LMPD Det. Brett Hankison

Det. Brett Hankison with the Louisville Metro Police Department

LOUISVILLE, Ky. (WDRB) -- Detective Brett Hankison, who police said fired multiple shots in the March raid that killed Breonna Taylor, has been fired by the Louisville Metro Police Department.

Mayor Greg Fischer and Acting LMPD Chief Robert Schroeder sent Hankison a formal termination letter on Tuesday, accusing him of violating rules regarding use of deadly force.

Schroeder last week had announced plans to fire Hankison for violating department policies on using deadly force and following internal rules.

Tuesday's termination letter, which made Hankison's firing official, was issued following the completion and review of an investigation by the Public Integrity Unit and a "pre-termination meeting" that was also held Tuesday, according to the letter. That investigation was launched March 13, the day on which Taylor was killed.

Hankison, along with Sgt. Jon Mattingly and Detective Myles Cosgrove, raided Taylor’s apartment on March 13. Police shot and killed Taylor after her boyfriend, Kenneth Walker, opened fire. Walker has said that he believed he and Taylor were being robbed. Police have said the officers knocked and announced their presence before entering the apartment.

Schroeder in an initial termination letter wrote that Hankison "wantonly and blindly fired 10 rounds" into a patio door and window of Taylor's apartment, creating a "substantial danger of death and serious injury" to Taylor and three occupants of other apartments.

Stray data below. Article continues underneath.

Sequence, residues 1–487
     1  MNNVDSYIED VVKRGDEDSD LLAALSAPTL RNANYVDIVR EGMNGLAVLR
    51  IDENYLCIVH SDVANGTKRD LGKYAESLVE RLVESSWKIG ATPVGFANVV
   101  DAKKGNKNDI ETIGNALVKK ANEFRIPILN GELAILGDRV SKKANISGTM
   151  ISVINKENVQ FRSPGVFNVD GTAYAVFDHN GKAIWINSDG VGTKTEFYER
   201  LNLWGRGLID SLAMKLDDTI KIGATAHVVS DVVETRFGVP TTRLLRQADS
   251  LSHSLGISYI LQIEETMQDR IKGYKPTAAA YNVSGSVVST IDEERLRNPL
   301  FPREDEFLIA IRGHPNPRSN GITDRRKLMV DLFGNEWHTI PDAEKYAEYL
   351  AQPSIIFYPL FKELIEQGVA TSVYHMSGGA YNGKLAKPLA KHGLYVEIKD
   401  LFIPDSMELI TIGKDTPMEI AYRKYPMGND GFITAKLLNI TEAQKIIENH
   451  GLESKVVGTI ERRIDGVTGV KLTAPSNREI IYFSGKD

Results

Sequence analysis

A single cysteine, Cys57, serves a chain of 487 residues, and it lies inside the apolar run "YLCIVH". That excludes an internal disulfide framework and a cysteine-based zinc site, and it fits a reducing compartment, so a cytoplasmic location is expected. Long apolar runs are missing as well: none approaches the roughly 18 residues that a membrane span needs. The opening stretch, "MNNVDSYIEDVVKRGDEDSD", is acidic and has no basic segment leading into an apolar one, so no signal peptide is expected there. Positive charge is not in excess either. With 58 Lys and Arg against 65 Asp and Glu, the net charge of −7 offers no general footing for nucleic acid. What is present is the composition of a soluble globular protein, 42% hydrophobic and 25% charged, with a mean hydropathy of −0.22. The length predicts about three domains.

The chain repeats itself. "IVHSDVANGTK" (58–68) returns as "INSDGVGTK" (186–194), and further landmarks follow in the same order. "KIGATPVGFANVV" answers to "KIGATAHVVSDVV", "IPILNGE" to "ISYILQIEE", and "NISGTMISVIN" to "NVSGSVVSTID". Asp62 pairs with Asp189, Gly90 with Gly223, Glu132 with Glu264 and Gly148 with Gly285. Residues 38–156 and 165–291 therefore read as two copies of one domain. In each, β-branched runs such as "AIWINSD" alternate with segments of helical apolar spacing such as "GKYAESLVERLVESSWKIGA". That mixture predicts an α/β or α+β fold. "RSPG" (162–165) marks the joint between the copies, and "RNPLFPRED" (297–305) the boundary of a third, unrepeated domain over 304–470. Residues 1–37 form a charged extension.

Schroeder told Hankison in the letter that the detective's conduct in Taylor's shooting was "a shock to the conscience," and that he was "alarmed and stunned" at Hankison's use of deadly force. Schroeder also wrote that Hankison's actions violated standard procedure.

Schroeder said Tuesday that Hanksion "displayed an extreme indifference to the value of human life" when serving the warrant at Taylor's home.

According to Tuesday's letter, Hankison may file an appeal requesting the department's merit board to review the firing within the next 10 days. If and when that appeal is filed, the board will schedule a public hearing to review the termination. 

The FBI and Kentucky Attorney General Daniel Cameron have opened criminal investigations into the shooting; Cameron's office also is reviewing information from Louisville police.

Taylor's shooting for weeks has prompted protesters to march in Louisville and demand justice in her death. When Hankinson's planned firing was announced, protesters said they still want more action, including the firing of the other officers involved and the filing of criminal charges.

Walker initially was charged with attempted murder, but the charge has been dismissed. 

Jefferson Circuit Judge Mary Shaw approved the "no-knock" warrant for the raid, allowing the undercover narcotics detectives to burst in without announcing their presence. Their main target was a suspected drug dealer, Jamarcus Glover, who had once dated Taylor. Police argued before Shaw that they believed Glover was using Taylor's apartment for deliveries. 

You can read Tuesday's termination letter in full below:

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